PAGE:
The Message feature I find a bit strange.  iOS 5 Messages iconIt lets you message iPhones, iPod touch and iPads, but nothing else.  Presumably because it links in with the Apple account.  At the same time as the iOS 5 integrates twitter support more completely (although the twitter app still doesn’t take advantage of the larger screen of the ipad), it isn’t all that obvious why Apple would introduce a new messaging feature in what is already a pretty crowded marketplace (with SMS, twitter and Google+ providing multiplatform support).  Making it available through iTunes might have been a good idea maybe?  I noticed also that even if you turn it off from the Settings then the icon still remains on the home page.

I gather that there are 200 new features in iOS 5 so it’s going to take a while to find them all out.   Amongst the General > Network settings is a VPN feature that I don’t remember before that looks like it could do with checking out to see whether it can be connected to the VPN.  It suggests to me a bit of thinking about the ipad as a device for business and what would be useful to make it easier to use for business.  Well, easier network browsing as an integral part of the ipad would be good to see in the longer term and some multiuser capability.

Overall, I’m pretty happy that the upgrade went OK, and there’s a host of new features to play with.  As a final thought, actually, that’s a new operating system version as a free upgrade, so that’s pretty good.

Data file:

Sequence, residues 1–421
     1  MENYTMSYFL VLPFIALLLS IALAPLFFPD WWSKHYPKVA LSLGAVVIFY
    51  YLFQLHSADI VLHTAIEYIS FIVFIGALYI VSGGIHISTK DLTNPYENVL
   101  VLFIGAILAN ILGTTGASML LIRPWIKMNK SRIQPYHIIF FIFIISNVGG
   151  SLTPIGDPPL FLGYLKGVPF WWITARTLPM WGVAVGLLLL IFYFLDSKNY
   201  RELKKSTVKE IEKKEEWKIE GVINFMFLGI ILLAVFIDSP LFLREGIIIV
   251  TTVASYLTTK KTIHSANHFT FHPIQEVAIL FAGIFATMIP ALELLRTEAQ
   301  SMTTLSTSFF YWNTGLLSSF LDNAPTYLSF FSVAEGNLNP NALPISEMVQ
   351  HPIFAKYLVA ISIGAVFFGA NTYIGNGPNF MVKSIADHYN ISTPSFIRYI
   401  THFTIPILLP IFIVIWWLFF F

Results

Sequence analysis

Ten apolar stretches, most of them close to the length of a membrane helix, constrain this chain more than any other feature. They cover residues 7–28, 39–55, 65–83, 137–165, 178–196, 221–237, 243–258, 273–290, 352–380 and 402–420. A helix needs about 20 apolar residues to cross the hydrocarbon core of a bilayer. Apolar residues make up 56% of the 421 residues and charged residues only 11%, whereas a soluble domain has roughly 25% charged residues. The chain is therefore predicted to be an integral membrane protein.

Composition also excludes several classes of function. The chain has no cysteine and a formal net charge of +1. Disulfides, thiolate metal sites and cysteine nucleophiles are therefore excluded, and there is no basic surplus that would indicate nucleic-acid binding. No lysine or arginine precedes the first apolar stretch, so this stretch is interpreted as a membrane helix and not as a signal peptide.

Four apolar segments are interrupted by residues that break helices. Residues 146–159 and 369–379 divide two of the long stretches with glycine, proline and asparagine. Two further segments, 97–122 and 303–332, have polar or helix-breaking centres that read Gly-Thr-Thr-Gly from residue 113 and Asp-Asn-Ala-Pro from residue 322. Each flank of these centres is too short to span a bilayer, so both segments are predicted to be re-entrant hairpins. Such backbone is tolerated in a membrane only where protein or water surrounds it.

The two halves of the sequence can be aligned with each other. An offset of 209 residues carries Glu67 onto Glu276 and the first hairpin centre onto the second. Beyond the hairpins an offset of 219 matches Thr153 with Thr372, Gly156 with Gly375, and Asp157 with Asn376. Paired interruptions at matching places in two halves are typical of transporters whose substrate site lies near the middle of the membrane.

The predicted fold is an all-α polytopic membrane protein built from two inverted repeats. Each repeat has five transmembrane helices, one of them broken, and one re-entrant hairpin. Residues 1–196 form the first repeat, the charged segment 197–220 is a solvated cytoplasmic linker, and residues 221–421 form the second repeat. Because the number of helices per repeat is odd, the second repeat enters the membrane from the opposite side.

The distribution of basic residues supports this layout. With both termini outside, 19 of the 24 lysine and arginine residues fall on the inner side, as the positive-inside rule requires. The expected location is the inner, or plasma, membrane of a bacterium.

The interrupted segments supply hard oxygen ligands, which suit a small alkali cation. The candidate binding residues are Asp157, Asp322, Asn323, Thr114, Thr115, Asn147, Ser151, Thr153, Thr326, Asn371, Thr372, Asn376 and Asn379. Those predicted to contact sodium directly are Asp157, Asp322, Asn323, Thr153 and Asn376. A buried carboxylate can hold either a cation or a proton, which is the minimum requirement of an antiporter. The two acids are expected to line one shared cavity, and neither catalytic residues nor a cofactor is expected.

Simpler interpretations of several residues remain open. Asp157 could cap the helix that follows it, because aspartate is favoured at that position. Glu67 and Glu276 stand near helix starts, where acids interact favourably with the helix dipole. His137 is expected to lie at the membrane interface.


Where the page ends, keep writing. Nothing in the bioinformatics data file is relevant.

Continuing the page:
I spent a load of time the other day updating the ipad to ios 4.3.5.   The new OS version had some security updatesipad screenshot and the ipad hadn’t been updated since I had first got it.  So it seemed like a sensible thing to do.  What I wasn’t prepared for was quite what a dispiriting experience it turned out to be.   I worked out that the upgrade had to be done with the ipad connected to a PC.  OK, so perhaps not quite what you’d expect from an internet connected device (and something that apparently will change with ios 5 http://www.apple.com/ios/ios5/features.html with the PC Free feature).  But the device complained that it wasn’t connected to the same PC that it had originally been setup from and took an age to download the update files.  It seemed quite keen on giving you the option to reset it back to its original settings and less obviously give you the option to backup the device to the PC.

It seemed to me that there was an underlying assumption with the device that you were going to be wanting to synchronise what was on your PC with the ipad rather than taking stuff from the ipad to the PC. When I’m increasingly (and I doubt I’m alone) using the ipad as my main day to day device when on the move I’m more likely to want to push stuff from the ipad to the PC.  And using different PCs (work/home etc) is going to be normal, and I’m not necessarily going to want to sync everything across all the devices all the time.

Once the update had finally finished I then discovered that it had messed up all the ipad apps that I’d downloaded since I’d had the ipad. They would open for a second and then close. After a bit of browsing around various Apple forums I tried several different solutions, watching videos and reinstalling various apps.  I’ve ended up removing and reinstalling some of them and then frustratingly realising that the tweetdeck ipad app was no longer available to be reinstalled.

All in all not a particularly impressive experience, strangely reminiscent of early Windows updates that could be a bit hit and miss, and not something that you really expect from an Apple device at all.